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Real Answers™
dl131
Copyright: © 2008 Donald E. Lindman
660 words

DR. KING:  BOTH HUMAN AND GREAT

By: Don Lindman

Great men (and perhaps women as well) often have feet of clay—faults of which neither we nor they are proud and which threaten to tarnish their memory.

There are biblical personages like King David, a womanizer; and Saul of Tarsus (who became St. Paul, the Apostle), an accessory to murder many times over. More current historical figures include Sir Winston Churchill, a racist; President Franklin Delano Roosevelt, who to further his desire to get the United States into World War II may have failed to act on information that Pearl Harbor was going to be attacked; and Martin Luther King, Jr., who reputedly was a womanizer.

King, whose birthday we celebrate on January 21, was a great man. He exposed one of America’s ugliest sins—its treatment of African-Americans—and rallied an entire racial group to stand up for its own dignity and freedom.

He emboldened others so that they later took leadership of this cause. Millions of black Americans see themselves with a sense of self-respect and pride that they would never had experienced were it not for Dr. King.

King and other great human beings also have feet of clay, which is not so much to their dishonor as it is a lesson to the rest of us. They were and are human beings. Their very greatness exaggerates their character flaws, faults that in ordinary people would be acknowledged with a shrug and then forgotten.

Flawed people can aspire to and achieve greatness. Moral shortcomings need not keep a person from being morally great in other areas of life.

Churchill held the Allied nations together during that war until the United States was able to mobilize its overwhelming industrial and military might in the cause of freedom. Roosevelt realized that without the all-out participation of his reluctant and isolationist nation the war against Axis tyranny could never be won, and he led that mobilization effort.

Dr. King gave us a huge jump-start in the direction of racial justice and equality, but we have a long way to go. Almost every African-American adult I know has stories of personal fear and discrimination unlike any experiences I’ve ever had.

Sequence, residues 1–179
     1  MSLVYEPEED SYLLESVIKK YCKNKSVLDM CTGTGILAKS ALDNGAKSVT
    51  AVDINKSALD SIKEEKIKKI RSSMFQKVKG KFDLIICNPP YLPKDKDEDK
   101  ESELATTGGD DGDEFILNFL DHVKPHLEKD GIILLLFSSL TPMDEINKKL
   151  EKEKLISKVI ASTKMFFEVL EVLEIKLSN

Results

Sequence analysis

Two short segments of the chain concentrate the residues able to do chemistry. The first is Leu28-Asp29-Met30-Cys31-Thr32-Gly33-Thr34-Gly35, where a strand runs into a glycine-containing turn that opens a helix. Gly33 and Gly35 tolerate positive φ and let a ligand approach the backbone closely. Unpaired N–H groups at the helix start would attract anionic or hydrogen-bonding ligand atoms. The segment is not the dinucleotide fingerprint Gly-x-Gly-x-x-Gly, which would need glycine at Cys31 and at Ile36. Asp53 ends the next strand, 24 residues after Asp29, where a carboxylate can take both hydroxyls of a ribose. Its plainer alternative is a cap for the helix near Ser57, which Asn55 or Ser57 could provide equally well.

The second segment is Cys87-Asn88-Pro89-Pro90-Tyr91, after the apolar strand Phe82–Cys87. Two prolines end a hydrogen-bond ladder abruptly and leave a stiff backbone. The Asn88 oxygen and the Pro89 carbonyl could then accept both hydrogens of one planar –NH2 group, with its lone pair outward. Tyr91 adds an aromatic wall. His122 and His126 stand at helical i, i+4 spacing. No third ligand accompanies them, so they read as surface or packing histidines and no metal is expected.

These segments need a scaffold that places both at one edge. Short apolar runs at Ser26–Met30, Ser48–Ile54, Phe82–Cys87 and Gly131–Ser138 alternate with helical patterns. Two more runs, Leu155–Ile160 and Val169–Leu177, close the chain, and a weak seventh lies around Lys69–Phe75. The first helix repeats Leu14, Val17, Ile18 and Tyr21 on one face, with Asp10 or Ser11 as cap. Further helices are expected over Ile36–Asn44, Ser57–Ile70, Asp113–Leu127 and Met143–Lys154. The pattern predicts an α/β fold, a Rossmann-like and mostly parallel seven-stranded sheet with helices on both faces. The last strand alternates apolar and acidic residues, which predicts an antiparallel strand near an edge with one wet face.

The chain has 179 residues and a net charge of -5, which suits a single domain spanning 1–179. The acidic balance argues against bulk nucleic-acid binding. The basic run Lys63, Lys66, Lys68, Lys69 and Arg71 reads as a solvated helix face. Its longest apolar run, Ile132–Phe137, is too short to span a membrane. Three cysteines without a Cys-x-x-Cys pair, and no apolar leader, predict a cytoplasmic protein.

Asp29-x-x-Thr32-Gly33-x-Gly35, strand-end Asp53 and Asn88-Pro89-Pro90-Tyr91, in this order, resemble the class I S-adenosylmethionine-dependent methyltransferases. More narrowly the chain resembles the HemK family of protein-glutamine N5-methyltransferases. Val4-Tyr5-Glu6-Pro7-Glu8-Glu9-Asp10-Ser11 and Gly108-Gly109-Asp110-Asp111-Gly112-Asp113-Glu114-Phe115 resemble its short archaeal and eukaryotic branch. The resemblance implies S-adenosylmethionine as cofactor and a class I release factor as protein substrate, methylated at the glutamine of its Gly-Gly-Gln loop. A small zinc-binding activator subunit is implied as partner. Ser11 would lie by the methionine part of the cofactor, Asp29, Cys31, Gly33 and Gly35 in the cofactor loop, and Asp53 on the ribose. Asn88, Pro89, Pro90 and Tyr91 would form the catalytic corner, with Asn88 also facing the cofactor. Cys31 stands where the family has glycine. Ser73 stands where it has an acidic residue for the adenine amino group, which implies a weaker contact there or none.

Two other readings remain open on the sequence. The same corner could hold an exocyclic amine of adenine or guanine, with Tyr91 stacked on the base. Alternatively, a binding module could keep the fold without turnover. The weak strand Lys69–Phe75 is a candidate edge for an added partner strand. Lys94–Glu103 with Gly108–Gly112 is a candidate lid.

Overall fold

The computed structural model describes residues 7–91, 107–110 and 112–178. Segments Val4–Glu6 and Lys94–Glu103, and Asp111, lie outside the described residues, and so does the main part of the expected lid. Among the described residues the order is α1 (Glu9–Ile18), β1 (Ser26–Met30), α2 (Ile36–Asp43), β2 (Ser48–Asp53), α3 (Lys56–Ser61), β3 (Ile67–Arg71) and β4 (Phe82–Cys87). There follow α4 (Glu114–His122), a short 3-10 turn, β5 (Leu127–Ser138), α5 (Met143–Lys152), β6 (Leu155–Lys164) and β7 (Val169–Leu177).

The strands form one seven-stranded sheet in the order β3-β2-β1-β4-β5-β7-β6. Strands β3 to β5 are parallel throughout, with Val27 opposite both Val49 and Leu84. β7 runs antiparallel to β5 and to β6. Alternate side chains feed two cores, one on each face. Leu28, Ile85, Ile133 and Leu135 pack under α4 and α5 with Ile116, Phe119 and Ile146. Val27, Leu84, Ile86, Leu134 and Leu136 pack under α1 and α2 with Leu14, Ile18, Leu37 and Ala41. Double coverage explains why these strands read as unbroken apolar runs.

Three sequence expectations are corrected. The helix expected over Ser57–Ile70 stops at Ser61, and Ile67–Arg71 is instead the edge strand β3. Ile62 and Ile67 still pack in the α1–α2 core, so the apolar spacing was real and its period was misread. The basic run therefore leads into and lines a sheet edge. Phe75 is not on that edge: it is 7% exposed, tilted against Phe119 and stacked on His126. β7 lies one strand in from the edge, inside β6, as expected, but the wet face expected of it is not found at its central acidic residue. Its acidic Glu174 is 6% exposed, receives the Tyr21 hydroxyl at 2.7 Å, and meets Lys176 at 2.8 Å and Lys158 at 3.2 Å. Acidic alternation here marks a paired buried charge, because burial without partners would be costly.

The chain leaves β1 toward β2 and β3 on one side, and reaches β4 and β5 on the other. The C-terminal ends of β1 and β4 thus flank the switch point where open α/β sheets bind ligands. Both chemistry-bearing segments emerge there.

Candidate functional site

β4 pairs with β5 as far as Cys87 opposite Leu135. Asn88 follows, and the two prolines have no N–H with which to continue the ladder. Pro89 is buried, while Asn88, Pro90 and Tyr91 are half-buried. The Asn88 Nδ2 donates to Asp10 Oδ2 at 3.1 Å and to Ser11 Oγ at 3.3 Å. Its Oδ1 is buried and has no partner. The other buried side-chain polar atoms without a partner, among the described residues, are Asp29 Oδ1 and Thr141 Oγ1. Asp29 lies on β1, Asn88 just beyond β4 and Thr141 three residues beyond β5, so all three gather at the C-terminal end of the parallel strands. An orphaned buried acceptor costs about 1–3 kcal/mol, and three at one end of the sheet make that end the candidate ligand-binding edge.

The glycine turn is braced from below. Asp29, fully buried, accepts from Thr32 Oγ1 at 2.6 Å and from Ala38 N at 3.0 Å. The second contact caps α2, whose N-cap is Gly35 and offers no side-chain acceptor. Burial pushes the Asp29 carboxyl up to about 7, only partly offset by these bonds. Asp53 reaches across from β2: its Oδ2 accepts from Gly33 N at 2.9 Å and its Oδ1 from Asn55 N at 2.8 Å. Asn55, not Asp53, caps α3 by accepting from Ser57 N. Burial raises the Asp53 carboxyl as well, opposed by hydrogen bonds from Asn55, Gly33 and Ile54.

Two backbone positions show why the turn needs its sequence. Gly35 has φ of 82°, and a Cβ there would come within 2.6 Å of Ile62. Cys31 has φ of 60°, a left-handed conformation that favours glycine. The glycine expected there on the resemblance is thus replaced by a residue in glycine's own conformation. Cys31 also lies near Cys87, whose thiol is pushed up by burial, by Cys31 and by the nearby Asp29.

This is true for other societal groups as well. Jews, Arabs, Muslims, Asians and Hispanics experience entirely too much prejudice in this nation that calls out in New York Harbor, “Give me your tired, your poor, your huddled masses yearning to breathe free.”

And don’t forget the women. While they are coming close to gaining equality in politics, there are vocations like the clergy, medicine, and mechanical and technical fields where they are treated as if they don’t really belong.

“There is neither Jew nor Greek, slave nor free, male nor female, for you are all one in Christ Jesus,” wrote St. Paul. Today I believe he would use different terms, but the categories—ethnicity, economic position, gender—all are there.

On Dr. Martin Luther King, Jr.’s, birthday we do well to celebrate how far we’ve come and the life of the man who first led the way. But we should also let it serve as a reminder that there is a lot of work still to be done, and it must start in each one of us. When that happens we truly will be a nation of justice and equality.

 

"Real Answers™" furnished courtesy of The Amy Foundation Internet Syndicate. To contact the author or The Amy Foundation, write or E-mail to: P. O. Box 16091, Lansing, MI 48901-6091; amyfoundtn@aol.com

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